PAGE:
WHO guidance to prevent and control cervical cancer

WHO has launched new guidance to help prevent and control cervical cancer. The new journal entitled ‘Comprehensive cervical cancer control : A guide to essential practice ‘ has been revealed at the World Cancer Leaders’ Summit in Melbourne, Australia on 3 December 2014.

Guidance to prevent and control cervical cancer


Vaccinate 9-13 year old girls with two doses of HPV vaccine
– This vaccine to prevent Human papilomavirus(HPV) infect the woman as the virus related for most cases of cervical cancer. Today, more than 55 countries using this routine administration of HPV vaccine. Before this, 3-dose of HPV has been used and now, the 2-dose schedule is as effective of 3-dose.

HPV test to screen women
– It is a must for women to do HPV testing. Women only need to screen for at least 5 years but should be rescreened within 10 years.

|Fewer Young Women Complete HPV Vaccine |

Communicate more widely
– Communicate with wider audience is important to reach women throughout their lives. Many women have no access to health services for prevention, curative treatment or palliative care.

Addressing inequities
– Rural and poorer women living in developed countries are at increased risk of invasive cervical cancer. It is important to address gender discrimination and other inequities in relation to range of other social factors.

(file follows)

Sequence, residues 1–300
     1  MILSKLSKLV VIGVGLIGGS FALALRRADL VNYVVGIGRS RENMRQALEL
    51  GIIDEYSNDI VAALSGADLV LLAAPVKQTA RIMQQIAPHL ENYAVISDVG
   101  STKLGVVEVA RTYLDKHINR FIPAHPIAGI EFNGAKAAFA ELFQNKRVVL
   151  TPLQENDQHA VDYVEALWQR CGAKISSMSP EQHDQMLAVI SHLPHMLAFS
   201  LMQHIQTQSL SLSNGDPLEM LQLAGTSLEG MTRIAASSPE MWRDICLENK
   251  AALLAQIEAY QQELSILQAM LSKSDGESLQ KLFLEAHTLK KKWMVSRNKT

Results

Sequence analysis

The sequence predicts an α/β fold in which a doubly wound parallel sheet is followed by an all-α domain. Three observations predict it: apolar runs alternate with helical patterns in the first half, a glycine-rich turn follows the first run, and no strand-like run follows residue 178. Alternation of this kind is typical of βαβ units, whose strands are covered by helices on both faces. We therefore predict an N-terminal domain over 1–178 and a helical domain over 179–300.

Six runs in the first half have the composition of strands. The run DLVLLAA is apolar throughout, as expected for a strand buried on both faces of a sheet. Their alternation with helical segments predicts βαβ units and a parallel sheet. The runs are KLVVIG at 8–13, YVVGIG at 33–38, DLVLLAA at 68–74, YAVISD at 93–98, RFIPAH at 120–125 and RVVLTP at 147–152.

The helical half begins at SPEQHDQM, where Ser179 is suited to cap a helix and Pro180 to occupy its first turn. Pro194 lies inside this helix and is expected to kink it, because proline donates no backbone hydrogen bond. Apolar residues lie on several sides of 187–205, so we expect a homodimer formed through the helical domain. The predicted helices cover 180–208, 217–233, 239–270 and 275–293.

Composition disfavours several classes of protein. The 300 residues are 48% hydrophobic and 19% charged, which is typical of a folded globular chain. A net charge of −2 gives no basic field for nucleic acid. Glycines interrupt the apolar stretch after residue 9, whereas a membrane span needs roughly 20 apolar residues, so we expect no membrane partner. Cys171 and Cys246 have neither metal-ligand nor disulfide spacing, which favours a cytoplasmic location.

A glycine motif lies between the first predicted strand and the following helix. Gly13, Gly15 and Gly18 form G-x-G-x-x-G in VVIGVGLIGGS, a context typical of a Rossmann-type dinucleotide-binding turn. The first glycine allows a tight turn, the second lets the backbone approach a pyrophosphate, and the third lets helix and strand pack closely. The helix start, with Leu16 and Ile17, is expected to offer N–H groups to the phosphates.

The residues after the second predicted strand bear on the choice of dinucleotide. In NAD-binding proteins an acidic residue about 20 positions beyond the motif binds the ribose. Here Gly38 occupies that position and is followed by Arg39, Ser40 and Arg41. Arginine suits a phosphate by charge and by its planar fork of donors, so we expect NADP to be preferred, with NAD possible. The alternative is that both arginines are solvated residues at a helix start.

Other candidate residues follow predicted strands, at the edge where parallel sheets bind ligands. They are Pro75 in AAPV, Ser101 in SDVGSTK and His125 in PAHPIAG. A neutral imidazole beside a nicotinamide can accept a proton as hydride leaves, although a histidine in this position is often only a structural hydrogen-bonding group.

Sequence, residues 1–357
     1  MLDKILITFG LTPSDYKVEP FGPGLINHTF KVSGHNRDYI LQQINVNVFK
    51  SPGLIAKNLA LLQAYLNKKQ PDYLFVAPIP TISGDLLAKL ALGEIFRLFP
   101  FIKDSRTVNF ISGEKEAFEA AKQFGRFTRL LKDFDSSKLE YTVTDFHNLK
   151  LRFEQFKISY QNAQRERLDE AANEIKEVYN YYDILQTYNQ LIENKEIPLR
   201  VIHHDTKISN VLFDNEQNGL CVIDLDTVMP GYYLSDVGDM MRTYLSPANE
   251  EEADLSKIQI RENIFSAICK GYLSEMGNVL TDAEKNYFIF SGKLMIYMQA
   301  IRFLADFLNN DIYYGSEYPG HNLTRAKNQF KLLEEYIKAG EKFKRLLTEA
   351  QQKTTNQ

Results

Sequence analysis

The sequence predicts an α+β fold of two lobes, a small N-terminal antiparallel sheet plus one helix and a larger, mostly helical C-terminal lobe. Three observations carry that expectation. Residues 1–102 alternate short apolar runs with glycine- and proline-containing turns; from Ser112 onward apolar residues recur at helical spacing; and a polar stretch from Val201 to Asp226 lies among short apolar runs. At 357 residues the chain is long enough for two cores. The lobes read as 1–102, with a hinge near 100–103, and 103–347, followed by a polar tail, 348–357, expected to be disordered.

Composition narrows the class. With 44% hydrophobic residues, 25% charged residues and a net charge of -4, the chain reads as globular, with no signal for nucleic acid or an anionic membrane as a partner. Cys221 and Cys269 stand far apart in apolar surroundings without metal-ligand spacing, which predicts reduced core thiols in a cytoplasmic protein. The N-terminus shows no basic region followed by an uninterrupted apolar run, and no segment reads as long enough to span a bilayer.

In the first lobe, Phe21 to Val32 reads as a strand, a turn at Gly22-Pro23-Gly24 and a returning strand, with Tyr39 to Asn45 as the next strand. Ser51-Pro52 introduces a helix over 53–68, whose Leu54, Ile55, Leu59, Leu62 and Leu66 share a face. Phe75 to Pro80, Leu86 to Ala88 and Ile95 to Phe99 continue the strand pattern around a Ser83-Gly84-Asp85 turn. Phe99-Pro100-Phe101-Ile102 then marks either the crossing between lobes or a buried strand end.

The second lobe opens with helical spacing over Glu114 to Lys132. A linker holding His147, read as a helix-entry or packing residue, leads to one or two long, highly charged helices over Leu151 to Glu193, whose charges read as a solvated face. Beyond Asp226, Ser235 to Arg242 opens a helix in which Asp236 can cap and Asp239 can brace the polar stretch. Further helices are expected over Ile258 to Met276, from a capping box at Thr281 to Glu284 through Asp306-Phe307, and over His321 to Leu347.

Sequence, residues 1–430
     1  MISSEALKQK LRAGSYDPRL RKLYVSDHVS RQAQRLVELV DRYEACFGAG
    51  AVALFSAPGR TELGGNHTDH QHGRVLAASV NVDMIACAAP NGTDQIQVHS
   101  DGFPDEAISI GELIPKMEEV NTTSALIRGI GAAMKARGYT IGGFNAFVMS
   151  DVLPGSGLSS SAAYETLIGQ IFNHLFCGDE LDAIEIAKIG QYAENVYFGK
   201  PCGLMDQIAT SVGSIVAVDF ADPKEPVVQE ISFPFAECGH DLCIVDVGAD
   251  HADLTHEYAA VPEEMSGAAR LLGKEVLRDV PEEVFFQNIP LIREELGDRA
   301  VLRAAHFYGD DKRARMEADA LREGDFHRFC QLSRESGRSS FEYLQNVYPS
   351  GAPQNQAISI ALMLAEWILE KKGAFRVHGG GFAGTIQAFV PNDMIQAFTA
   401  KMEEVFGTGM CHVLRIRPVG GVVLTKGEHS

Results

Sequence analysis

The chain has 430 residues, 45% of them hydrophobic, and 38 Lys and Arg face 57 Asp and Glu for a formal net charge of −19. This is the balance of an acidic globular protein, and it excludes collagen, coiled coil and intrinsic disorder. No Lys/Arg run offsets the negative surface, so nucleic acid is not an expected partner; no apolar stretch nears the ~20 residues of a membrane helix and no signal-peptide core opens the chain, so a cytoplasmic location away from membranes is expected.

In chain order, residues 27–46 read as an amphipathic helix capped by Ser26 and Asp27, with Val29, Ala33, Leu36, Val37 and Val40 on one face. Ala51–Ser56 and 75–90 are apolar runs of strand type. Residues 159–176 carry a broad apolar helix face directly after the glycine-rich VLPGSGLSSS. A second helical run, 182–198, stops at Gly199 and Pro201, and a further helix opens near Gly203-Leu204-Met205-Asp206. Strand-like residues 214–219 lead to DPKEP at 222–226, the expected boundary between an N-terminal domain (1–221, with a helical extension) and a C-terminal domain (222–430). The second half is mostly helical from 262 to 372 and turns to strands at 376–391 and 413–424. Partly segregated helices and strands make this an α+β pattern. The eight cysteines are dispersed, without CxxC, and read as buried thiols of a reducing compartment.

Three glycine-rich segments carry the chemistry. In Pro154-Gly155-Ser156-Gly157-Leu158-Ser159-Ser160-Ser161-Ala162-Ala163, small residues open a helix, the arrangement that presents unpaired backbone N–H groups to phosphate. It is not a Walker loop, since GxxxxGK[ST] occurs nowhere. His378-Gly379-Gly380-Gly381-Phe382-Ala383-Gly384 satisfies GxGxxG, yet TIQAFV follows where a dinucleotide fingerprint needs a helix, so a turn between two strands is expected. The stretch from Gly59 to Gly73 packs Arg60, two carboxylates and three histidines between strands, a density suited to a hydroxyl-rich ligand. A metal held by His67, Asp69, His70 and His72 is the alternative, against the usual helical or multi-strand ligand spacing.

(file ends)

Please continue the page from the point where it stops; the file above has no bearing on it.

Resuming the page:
The new WHO guidance also known as the ‘Pink Book’ underlines recent development in technology and strategy for improving women’s access to health services especially to prevent and control cervical cancer.

The guidance identifies such as :-
Primary prevention : HPV vaccination targets girls aged 9-13 years before they become sexually active.

Secondary prevention : Women over 30 years of age need to have access to technology such as VIA (visual inspection of the cervix with acetic acid) or HPV testing for screening.

Tertiary prevention : Access to cancer treatment and management for women including chemotherapy, surgery and radiotherapy.

– When curative treatment is no longer an option, access to palliative care is crucial.

The guidelines also show how cervical prevention and control can be integrated into existing health care delivery systems, including for familyy planning, postpartum care and HIV/AIDS.

Reference :- World Health Organization

Be the first to comment

Leave a Reply

Your email address will not be published.


This site uses Akismet to reduce spam. Learn how your comment data is processed.